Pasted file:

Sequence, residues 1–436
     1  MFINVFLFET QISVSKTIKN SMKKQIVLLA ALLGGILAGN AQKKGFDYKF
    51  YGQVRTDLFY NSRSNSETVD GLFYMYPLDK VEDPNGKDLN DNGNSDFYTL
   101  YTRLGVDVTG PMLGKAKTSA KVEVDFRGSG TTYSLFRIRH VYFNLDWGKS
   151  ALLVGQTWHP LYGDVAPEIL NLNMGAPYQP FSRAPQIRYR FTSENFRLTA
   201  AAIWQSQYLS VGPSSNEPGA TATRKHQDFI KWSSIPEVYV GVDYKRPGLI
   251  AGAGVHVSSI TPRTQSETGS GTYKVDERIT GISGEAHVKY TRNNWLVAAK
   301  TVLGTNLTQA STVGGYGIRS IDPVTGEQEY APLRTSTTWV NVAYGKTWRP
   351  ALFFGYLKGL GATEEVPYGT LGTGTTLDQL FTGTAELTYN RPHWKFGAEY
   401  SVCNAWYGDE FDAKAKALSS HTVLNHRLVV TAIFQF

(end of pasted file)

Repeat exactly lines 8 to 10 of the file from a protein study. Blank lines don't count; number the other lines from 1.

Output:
   301  TVLGTNLTQA STVGGYGIRS IDPVTGEQEY APLRTSTTWV NVAYGKTWRP
   351  ALFFGYLKGL GATEEVPYGT LGTGTTLDQL FTGTAELTYN RPHWKFGAEY
   401  SVCNAWYGDE FDAKAKALSS HTVLNHRLVV TAIFQF